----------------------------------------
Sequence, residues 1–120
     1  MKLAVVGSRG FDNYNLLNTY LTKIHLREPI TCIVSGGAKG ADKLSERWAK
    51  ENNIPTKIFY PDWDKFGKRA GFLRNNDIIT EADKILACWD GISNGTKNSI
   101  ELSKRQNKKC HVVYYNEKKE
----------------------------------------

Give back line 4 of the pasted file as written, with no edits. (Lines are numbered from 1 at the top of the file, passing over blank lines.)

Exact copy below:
   101  ELSKRQNKKC HVVYYNEKKE